Saturday, 26 August 2017

Reviewing the Classics #10 Northanger Abbey



Goodreads Summary:

While enjoying a six weeks’ stay in fashionable Bath, the young and callow Catherine Morland is introduced to the delights of high society. Thanks to a new literary diet of the sensational and the macabre, Catherine travels to Northanger Abbey fully expecting to become embroiled in a Gothic adventure of intrigue and suspense – and, once there, soon begins to form the most gruesome and improbable theories about the exploits of its occupants.

An early work, but published posthumously, Northanger Abbey is a parody of the Gothic genre typified by the novels of Ann Radcliffe, as well as a witty comedy of manners in the style of Jane Austen’s later novels and, ultimately, an enchanting love story. 


So for this months classic, my lovely twitter folowers chose Northanger Abbey by Jane Austen. The only Austen book I've read before is her most famous novel, Pride and Prejudice, so I was eager to read her earliest work. Before I start talking about the book, I want to thank Alma for sending me such a gorgeous classic! I probably wouldn't be able to keep up with this little segment of my blog without them, so go check them out!

The book follows Catherine Morland, a seventeen year old debutante, who gets invited by her neighbours to visit Bath with them. After reading Pride and Prejudice I had an idea of what I was getting myself into, but I couldn't help feeling as if the first half of the book was quite dull. Although the book is called Northanger Abbey, Catherine doesn't actually visit the abbey until halfway through the book. I found the first half to be tedious and repetitive, as apart from a couple of planned daytrips that are cancelled due to bad weather and not enough time, all Catherine really does is attend balls and talk to her friend, Isabella. Of course it wouldn't be a Jane Austen novel without a love interest that has us all swooning, which came in the form of Henry Tilney. Henry was a sweet character, but unfortunately I felt as if he just didn't have the unique personality that Mr Darcy had. One thing that I loved about Mr Darcy was the character development he went through, and I didn't really see anything similar to that with Mr Tilney. I did however love how he treated the women, and lets face it, a man who loves discussing books is ultimate goals.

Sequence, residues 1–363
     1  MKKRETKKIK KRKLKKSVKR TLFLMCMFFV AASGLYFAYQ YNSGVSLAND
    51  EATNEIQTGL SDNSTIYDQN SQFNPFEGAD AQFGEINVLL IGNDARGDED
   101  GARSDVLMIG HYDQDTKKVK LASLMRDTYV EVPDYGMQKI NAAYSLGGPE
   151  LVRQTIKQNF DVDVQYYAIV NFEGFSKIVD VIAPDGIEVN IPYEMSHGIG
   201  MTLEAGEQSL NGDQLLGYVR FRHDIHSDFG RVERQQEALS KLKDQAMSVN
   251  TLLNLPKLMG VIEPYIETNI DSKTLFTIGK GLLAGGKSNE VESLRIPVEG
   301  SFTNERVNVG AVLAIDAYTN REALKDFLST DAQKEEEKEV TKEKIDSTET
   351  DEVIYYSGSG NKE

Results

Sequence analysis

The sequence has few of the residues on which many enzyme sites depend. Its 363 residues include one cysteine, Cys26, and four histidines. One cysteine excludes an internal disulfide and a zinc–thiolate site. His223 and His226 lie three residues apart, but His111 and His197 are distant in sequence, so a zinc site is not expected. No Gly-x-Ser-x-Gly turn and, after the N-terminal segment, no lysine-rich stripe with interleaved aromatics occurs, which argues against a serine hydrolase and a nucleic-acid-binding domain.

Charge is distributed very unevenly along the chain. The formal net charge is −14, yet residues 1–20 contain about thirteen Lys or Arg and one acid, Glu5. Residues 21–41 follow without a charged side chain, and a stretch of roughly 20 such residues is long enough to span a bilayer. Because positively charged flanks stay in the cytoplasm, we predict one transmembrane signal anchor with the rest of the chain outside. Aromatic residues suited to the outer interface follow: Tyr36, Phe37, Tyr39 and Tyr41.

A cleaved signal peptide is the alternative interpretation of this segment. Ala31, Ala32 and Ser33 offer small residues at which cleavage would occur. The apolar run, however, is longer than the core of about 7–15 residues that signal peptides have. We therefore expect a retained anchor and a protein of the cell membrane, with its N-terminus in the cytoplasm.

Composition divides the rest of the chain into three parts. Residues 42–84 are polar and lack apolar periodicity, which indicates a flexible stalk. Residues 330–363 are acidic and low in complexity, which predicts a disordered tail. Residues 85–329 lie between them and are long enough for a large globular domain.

Catherine was a sweet and innocent protagonist, and I loved how she was unaware of certain things around her, particularly with John's romantic advances. I found it funny how she was completely shocked after learning that John had feelings for her, when it was obvious to the reader and the other characters. John, like his sister Isabella, was quite an annoying character, and I wasn't a fan of the love triangle that was happening.Honestly I can't believe that I can't escape love triangles  even in classic literature!

I enjoyed the second half of the book a lot more, and I particularly loved the Gothic satire. Catherine is a big fan of Gothic literature, and upon visiting Northanger Abbey, seems to think she is the protagonist of the novels she loves so much. This was actually my favourite part of the book just because of how dramatic she was being, and how she was creating her own version of events about Henry's mother. I particualry loved how Catherine thought she was unearthing some great secret by snooping around in a cabinet, when all she found was a few pieces of paper that turned out to be a laundry list and some receipts. Catberne was naïve and ridiculous and I loved her!

There were some characters who were just irksome, particularly John and Isabella. Isabella seemed to go after whatever man was interested in her at the time, and I felt sorry for James, who seemed to have genuine feelings for her. I also found John annoying, as he wouldn't leave Catherine alone, and got annoyed when she tried to spend time with Henry and Eleanor. I felt as if he seemed jealous that she had other friends, and kept trying to persuade her to change any plans she had made with the Tilney's. I was glad that Caterhine didn't reciprocate his feelings, as I felt as if that would have turned into a really unhealthy relationhip. He was also a huge brat for shit talking Catherine to General Tilney after he found out she didn't want him back lets be real.

I didn't enjoy this one as much as Pride and Prejudice, but I did love the satirical elements, and found Catherine to be a delightful creature (internal cringe) It made me want to go to an extravagant ball and wear a poofy dress. Seriously why aren't balls still a thing? I'm sure I would enjoy them more than sweaty nightclubs. I will hopefully read more Jane Austen books in the future!


Northanger Abbey is now available to purchase!

 Alma Classics  | Amazon Book Depository 













No comments:

Post a comment